‘Why are we waiting for them to fall apart?’ – working towards a trauma-informed West Yorkshire and world
Reflections on a well-attended multi-agency event to consider ‘What would a Trauma-Informed Community look like?’
Despite the brilliant blue of the Autumn sky and the vibrant atmosphere of the bustling college campus outside, I found myself genuinely excited to settle down for an afternoon in a darkened lecture theatre among over 130 colleagues in Bradford one Tuesday during early October.
Organised in part to mark Safeguarding Week – and falling coincidentally just two weeks after the Office for National Statistics (ONS) published a report revealing that people abused in childhood are more likely to be abused as adults – the time could not have been more apt for professionals across a range of sectors to come together to consider what a trauma-informed society could look like.
Introduced by Yasmin Khan, CEO of specialist domestic abuse charity Staying Put and co-founder of new initiative I-RAP: Giving Every Child a Voice, the event used the ground-breaking, breath-taking and award-winning short film RESILIENCE: The Biology of Stress & The Science of Hope to kick-start participants’ thinking and discussion. And that it most certainly did.
RESLIENCE Director James Redford (son of actor Robert, if you’re interested in that sort of thing), has said his intention in creating the film was ‘to make this science digestible and relevant to everyone, and to showcase some of the inspiring individuals who are putting that science into action’, and he’s undeniably achieved both.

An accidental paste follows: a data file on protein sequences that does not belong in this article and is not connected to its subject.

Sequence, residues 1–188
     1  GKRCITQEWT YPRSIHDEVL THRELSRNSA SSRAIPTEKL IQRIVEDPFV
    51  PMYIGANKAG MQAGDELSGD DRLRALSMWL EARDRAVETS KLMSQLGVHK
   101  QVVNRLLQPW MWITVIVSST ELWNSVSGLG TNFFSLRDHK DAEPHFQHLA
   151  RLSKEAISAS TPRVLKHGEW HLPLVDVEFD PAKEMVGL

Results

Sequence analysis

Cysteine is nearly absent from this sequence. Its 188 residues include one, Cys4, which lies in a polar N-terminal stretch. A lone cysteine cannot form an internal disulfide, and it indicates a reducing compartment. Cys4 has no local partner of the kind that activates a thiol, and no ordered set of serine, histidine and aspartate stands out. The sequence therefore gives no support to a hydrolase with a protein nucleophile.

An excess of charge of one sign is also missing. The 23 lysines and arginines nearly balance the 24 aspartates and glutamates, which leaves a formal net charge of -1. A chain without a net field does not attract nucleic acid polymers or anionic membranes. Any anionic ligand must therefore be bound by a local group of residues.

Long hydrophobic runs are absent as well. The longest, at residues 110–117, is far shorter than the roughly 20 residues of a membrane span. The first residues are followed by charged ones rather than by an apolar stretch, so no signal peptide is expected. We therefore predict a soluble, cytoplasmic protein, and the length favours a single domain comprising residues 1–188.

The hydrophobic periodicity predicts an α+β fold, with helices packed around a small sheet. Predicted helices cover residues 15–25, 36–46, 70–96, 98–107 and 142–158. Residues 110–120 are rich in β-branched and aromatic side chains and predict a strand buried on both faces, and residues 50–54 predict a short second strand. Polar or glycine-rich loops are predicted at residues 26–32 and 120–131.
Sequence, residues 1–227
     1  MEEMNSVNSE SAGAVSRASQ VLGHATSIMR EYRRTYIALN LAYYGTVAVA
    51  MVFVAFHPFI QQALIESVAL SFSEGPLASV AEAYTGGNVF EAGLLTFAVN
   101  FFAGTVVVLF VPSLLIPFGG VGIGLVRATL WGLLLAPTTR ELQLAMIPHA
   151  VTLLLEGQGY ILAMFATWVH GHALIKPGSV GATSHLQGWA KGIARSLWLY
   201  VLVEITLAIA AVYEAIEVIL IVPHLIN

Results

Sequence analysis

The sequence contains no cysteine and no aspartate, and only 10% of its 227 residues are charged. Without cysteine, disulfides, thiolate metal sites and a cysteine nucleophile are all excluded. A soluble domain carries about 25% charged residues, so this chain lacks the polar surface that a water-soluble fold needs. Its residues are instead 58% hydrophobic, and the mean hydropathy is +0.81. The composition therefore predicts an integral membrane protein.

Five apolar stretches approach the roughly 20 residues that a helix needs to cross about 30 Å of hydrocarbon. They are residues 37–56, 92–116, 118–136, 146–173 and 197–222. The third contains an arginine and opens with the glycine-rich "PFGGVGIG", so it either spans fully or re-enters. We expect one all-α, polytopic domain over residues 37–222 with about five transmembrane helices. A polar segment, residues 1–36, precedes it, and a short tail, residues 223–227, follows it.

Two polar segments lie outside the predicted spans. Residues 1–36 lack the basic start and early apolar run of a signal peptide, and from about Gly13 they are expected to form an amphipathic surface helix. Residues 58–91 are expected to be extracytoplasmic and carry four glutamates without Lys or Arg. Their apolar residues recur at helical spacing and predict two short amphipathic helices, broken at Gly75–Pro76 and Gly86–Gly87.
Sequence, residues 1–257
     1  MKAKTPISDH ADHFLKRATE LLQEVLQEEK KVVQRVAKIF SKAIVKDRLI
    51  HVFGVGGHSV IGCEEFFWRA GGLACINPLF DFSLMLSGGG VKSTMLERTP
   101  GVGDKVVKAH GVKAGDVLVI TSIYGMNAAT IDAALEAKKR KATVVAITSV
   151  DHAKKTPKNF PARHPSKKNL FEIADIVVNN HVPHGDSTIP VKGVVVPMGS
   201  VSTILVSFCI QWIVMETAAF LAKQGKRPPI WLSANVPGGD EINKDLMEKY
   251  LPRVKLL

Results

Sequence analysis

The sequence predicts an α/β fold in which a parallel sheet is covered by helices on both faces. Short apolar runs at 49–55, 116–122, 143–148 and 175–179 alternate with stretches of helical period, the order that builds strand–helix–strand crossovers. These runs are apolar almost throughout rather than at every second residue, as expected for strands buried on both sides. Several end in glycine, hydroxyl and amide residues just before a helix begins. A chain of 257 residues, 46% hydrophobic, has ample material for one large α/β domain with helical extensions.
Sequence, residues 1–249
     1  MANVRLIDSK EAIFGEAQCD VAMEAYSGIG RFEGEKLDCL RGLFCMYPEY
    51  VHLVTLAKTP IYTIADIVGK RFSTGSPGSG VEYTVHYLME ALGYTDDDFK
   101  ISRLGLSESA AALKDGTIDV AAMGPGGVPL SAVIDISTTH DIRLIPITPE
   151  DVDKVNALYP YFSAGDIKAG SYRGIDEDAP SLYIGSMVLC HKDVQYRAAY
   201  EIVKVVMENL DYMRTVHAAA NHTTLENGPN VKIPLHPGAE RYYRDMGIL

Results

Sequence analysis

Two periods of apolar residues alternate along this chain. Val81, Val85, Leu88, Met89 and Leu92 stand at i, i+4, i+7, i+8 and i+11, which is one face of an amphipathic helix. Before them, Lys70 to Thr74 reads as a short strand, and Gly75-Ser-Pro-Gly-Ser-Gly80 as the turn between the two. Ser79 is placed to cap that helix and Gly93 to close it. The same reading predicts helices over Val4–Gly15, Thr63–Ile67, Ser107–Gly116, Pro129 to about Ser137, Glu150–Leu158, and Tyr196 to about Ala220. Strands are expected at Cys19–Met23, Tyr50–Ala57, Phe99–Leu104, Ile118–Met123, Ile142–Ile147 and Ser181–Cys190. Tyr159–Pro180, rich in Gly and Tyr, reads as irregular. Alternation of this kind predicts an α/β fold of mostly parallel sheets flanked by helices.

The science he refers to of course is neuroscience, specifically around the impacts of childhood trauma and toxic stress on our brain development and wider health. When the first research into Adverse Childhood Experiences (ACEs) was published nearly 20 years ago, its findings about the strong links with long-term health issues – ranging from depression and substance misuse to heart disease and cancer – were considered controversial.
But now the effects of ACEs are widely recognised and RESILIENCE shines a light on the movement of inspirational doctors, social workers, educators and communities committed to reducing and preventing their individual and societal impacts – a movement that is gathering momentum in the United States, and, as it turns out, on this side of the Atlantic too.
Dr Warren Larkin is the Clinical Lead for our own Department of Health’s ACEs programme, as well as a consultant clinical psychologist and visiting professor at Sunderland University.
While my fellow attendees and I continued to absorb the powerful hour-long film, he led us through a presentation of key research findings – from Bellis et al and the World Health Organisation (WHO) among others – about the prevalence and impact of ACEs, and told us what’s happening closer to home to address them.
Among the striking studies he highlighted was one carried out by Kessler et al on behalf of the WHO in 2010, involving 52,000 participants, which found a staggering correlation between the incidence of a whole range of mental health problems and the number of ACEs a person had encountered.